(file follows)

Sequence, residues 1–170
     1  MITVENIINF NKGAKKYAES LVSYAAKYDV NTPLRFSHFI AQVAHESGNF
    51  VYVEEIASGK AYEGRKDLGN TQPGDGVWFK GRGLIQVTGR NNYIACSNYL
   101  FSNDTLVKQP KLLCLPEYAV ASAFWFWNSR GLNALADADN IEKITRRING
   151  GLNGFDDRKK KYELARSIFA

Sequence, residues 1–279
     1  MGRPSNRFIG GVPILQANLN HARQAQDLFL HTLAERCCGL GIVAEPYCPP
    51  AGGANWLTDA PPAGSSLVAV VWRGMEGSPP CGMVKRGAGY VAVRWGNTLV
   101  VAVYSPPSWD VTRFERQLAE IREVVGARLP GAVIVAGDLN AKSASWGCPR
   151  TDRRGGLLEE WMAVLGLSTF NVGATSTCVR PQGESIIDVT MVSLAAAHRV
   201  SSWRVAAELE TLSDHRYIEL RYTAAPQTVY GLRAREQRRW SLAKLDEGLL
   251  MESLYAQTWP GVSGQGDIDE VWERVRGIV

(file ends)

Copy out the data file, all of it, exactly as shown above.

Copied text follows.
Sequence, residues 1–170
     1  MITVENIINF NKGAKKYAES LVSYAAKYDV NTPLRFSHFI AQVAHESGNF
    51  VYVEEIASGK AYEGRKDLGN TQPGDGVWFK GRGLIQVTGR NNYIACSNYL
   101  FSNDTLVKQP KLLCLPEYAV ASAFWFWNSR GLNALADADN IEKITRRING
   151  GLNGFDDRKK KYELARSIFA

Sequence, residues 1–279
     1  MGRPSNRFIG GVPILQANLN HARQAQDLFL HTLAERCCGL GIVAEPYCPP
    51  AGGANWLTDA PPAGSSLVAV VWRGMEGSPP CGMVKRGAGY VAVRWGNTLV
   101  VAVYSPPSWD VTRFERQLAE IREVVGARLP GAVIVAGDLN AKSASWGCPR
   151  TDRRGGLLEE WMAVLGLSTF NVGATSTCVR PQGESIIDVT MVSLAAAHRV
   201  SSWRVAAELE TLSDHRYIEL RYTAAPQTVY GLRAREQRRW SLAKLDEGLL
   251  MESLYAQTWP GVSGQGDIDE VWERVRGIV